"Okay," Burke said, hung up the phone, and went to bed, waking up in his clothes, the alarm clock reading 3:14 AM. Pi, he thought, three point one four, nauseating. The basement was cold. He thought of Jane in the next room, of how she must feel, pure and serene and peaceful. He felt its terrible envy, anger and frustration because it was too early for all this weird stuff, and because it was really happening and it was disgusting and there was nothing he could do. He rolled onto his back, practicing a breathing exercise, extending his diaphragm with each inhalation, holding it in and exhaling slowly, something Erica taught him in Texas, how to breathe. Don't breathe into your chest, she had said. It makes you anxious. He looked at the clock again, switched the alarm off and stood up, taking a change of clothes to the shower. The hot water washed away yesterday's pains and reinvigorated him, washed away the awful feelings, washed away the dread. Brushing his teeth and shaving, he looked alive in the mirror, clean and calm, just like anyone. Nothing glowered in the shadow. Nothing laughed through the wall. Nothing scratched on the door. Everything was okay.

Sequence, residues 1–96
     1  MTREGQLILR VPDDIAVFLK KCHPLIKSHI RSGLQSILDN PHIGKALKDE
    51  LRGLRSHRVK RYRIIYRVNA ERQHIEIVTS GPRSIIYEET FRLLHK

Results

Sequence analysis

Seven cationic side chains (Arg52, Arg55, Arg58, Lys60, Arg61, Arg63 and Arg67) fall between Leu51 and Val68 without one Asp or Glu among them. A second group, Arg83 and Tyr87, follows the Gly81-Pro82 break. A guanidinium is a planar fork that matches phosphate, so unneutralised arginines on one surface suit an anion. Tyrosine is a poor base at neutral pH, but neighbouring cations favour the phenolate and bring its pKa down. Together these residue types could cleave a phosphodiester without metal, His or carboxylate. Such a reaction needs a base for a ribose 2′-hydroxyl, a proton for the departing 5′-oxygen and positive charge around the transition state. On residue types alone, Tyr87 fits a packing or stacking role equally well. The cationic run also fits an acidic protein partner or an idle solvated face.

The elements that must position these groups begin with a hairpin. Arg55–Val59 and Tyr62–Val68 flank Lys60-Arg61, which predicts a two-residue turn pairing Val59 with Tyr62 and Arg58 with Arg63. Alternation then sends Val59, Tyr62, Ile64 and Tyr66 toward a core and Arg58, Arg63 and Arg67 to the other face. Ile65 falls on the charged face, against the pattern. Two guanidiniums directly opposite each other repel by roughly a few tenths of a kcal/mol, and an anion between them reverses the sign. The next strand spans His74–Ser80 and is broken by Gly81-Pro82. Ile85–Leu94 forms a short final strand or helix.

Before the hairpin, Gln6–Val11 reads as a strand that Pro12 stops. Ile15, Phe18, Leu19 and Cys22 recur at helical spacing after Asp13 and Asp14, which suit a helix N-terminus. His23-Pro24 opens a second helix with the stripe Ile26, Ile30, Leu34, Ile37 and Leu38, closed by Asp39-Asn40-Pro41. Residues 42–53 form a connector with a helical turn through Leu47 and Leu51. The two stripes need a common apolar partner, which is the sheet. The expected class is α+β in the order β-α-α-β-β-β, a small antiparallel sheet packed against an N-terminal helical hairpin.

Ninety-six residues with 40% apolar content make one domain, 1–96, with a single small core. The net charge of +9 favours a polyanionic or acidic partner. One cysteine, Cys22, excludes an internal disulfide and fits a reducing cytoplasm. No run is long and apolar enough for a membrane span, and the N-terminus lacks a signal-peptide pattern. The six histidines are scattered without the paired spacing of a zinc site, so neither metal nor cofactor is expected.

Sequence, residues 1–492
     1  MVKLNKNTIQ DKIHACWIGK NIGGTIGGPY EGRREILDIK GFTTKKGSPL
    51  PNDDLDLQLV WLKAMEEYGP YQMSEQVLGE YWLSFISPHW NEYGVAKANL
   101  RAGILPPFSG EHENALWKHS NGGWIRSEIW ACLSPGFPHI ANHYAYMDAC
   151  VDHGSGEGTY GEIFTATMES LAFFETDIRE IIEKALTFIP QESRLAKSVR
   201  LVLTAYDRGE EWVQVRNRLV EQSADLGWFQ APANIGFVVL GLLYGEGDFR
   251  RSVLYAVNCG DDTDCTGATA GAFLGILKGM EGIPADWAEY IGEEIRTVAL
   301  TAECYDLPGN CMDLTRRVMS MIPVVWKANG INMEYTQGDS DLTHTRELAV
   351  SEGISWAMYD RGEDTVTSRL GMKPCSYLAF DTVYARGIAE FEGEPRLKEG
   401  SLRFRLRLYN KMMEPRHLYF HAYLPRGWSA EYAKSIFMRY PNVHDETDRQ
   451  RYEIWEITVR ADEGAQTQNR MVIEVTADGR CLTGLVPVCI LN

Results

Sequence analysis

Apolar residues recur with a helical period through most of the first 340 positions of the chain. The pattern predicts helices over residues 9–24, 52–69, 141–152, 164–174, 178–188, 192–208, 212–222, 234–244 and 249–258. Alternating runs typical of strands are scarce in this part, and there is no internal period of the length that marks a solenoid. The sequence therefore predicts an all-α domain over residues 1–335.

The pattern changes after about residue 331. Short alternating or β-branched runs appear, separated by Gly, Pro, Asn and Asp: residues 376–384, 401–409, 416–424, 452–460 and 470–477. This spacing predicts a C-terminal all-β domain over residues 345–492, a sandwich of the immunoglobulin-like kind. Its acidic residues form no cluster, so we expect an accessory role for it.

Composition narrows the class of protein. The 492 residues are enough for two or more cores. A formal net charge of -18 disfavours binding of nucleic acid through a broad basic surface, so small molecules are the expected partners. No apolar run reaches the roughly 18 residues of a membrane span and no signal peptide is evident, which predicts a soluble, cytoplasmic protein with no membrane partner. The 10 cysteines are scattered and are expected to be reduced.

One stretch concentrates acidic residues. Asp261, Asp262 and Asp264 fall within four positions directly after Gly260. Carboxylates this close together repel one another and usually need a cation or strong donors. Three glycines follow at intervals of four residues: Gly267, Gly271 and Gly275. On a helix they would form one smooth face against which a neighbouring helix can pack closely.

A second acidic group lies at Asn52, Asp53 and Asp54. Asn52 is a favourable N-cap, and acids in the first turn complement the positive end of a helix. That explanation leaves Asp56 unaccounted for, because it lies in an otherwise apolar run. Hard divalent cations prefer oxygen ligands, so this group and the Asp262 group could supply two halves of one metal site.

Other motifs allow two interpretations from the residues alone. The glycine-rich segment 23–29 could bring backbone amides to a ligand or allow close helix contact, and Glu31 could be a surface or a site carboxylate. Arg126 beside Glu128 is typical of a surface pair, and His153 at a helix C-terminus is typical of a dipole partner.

When you fall far from help, you want to know what to keep sacred, against all hope and fear. What to vouchsafe, or whom, etc... for when the party's over. For Burke it was Erica, but there was a toll. Not a big investment for the future, but a pittance by the day, by the hour. No big upside. Some call it the torch, the passing of the torch, the baton, the namesake... nomenclature without claim on truth or goodness, only for the love of the other. Please, let me continue. I apologize for slowing and stepping aside. And especially if you feel bored by these little sentiments of mine, then I beg your pardon, but we were talking about beauty, the argument or case for beauty, however absurd, over life and love. It's a disaster and we should want to change course. The show must go on.

“Say cut,” the engineer said.
“Cut,” I said.
“Say it like you mean it,” she said.
“Say, that's a take.”
“That's a take.”

The End